Sunday, August 5, 2012
I Wouldn't Eat That If I Were You
[probably Amanita jacksonii, photographed 8/4/12, Chatham Co., NC]
Someone told me that the "body" of a mushroom is huge, sometimes extending underground for several acres. What we see of the creature is just the moment when it puts up mushrooms. Seems like the critter I photoed yesterday is definitely part of a family--there are several rows of these guys, separated by probably at least a hundred feet, in the woods near the house. We've had a good deal of rain, and very hot temperatures. Yesterday it was just barely at a level where I felt like weedeating some in the late afternoon--fighting back a bit of the jungle. I was still wet by the end, but I didn't find any ticks on me--a definite improvement over early this summer--only a couple of little bites on my leg, maybe chiggers or whatever... nothing horrible.
We saw a little antlered deer in the yard yesterday. I should have taken a pic of that. The kitties watched it with extreme seriousness from the window--as much seriousness as they watched a moth this morning.
The mimosa trees--a terrible mistake I made fifteen years ago--have had their yearly orgy, and if I don't get out there with a chainsaw we'll have a dang forest of the worthless things before long. Here's a pic of a satiated mimosa, enjoying a cigarette and a beer no doubt.
It's close to that moment when what seems without a doubt to be "fall light" appears. Maybe it's today. There's a way the shadows fall. It's also the moment when, since Hurricane Fran back in '96, it feels like Hurricane Season is on us. I keep waiting for the coverage to start--the tracking of tropical depressions chaining across the Atlantic from Africa. They all get names, and trajectories. Some years it seems like they all march into the Gulf. When that's happening it seems looking at the map so obvious that the Gulf draws them in, that the idea of one of them coming up here seems highly unlikely. Other years, the big shallow bay which is the southern half of the NC coast, from Wilmington to Ocracoke, seems to be nothing less than a big catcher's mitt, and the strikes just keep coming, one after the other. There was a time when weather prognosticators thought all hurricanes had to turn north at Florida because of the earth's spin. It was in this epoch that the great Galveston hurricane occurred, killing thousands, including a whole trainload of folks from Houston who were going down there for a day at the beach because no one who spoke English realized the big storm was coming. (Spanish-speaking weather forecasters in Cuba knew different, but we'd just defeated Spain and controlled Cuba, and we weren't gonna let no Cubans tell us whats what.)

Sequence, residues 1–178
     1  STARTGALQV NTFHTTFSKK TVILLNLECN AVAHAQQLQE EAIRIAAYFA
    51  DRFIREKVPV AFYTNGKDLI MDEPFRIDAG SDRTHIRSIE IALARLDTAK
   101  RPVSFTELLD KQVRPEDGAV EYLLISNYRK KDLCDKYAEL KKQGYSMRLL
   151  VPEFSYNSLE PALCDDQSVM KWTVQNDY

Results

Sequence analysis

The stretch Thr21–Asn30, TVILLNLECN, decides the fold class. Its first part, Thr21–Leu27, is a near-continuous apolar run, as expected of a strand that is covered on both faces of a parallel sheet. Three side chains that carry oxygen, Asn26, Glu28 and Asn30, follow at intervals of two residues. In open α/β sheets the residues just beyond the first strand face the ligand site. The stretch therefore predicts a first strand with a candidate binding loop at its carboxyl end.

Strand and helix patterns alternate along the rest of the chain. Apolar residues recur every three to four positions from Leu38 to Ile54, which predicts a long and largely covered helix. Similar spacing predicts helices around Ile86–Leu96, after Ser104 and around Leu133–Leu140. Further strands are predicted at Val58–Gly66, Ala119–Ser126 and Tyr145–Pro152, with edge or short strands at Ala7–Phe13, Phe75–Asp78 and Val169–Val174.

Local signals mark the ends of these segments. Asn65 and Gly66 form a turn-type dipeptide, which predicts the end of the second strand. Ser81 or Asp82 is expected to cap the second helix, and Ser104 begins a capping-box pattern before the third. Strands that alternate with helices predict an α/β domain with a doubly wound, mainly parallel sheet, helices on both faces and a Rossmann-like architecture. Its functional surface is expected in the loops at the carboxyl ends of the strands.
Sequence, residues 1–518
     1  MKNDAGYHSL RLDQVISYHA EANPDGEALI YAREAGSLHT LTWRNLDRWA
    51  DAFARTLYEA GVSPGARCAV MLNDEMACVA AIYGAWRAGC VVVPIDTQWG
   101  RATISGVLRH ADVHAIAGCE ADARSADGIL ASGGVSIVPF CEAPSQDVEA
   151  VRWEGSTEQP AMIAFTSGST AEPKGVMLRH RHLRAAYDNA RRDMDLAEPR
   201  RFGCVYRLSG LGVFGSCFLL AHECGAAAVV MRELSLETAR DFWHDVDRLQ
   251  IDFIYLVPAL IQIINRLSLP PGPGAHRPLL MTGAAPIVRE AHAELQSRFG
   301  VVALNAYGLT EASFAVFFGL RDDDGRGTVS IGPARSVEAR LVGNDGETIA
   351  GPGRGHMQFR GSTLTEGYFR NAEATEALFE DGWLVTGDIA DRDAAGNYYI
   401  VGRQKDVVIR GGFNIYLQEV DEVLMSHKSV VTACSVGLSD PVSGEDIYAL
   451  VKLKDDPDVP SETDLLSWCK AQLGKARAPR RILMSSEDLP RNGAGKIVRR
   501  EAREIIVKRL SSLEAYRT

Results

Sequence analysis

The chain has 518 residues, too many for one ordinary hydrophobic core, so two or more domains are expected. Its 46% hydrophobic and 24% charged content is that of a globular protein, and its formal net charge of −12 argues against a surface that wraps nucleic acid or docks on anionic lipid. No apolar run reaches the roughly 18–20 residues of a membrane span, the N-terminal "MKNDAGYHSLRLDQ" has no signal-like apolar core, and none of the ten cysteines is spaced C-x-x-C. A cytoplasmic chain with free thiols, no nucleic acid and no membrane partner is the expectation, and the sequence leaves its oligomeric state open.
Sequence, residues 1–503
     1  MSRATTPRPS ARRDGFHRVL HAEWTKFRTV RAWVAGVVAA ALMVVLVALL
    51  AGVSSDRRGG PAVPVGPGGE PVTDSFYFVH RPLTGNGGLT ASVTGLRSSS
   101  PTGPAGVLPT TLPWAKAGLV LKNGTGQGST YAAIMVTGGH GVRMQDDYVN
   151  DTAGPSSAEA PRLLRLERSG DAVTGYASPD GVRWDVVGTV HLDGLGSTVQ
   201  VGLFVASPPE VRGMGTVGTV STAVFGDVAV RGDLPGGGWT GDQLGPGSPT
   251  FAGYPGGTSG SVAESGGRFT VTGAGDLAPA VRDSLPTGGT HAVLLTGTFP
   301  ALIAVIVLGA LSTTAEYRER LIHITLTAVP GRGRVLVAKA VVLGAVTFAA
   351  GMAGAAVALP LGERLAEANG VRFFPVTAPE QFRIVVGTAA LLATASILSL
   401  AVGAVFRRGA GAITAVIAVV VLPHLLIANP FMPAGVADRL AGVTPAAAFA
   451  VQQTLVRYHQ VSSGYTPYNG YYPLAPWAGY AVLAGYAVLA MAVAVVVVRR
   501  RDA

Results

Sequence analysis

Here's a string of our fungii friends, looking just like a hurricane map of the western Atlantic:
I think depicted below is also the same mushroom as the one I started this out with--that as they age and expand the red is diffused into orange as in the "hurricane map," but sometimes things go a different way. I'm not sure of that. Here's one more pic of the red ones, this time "open" but not orange at all and so possibly a different species, even though this one occurs very close to the red caps:
Of course it's equally possible that the two red mushrooms are not related, or that the orange ones are yet another species. I love how the mushroom books tell you never to eat one unless you're certain of which kind it is. Not that that's not great advice. The red one that starts this post might be the kind of critter responsible of up to 90% of the mushroom eating deaths in the US each year. That's some significant info. But the word "certain" in that dictum. I hope nobody ever feeds me a plate of forest gathered 'shrooms and doesn't tell me till I've half-finished the deliciosity.
Meanwhile, of course, oblivous to the remarkable beauty of the day, the machinery grinds on. Here's a wonderful piece on that: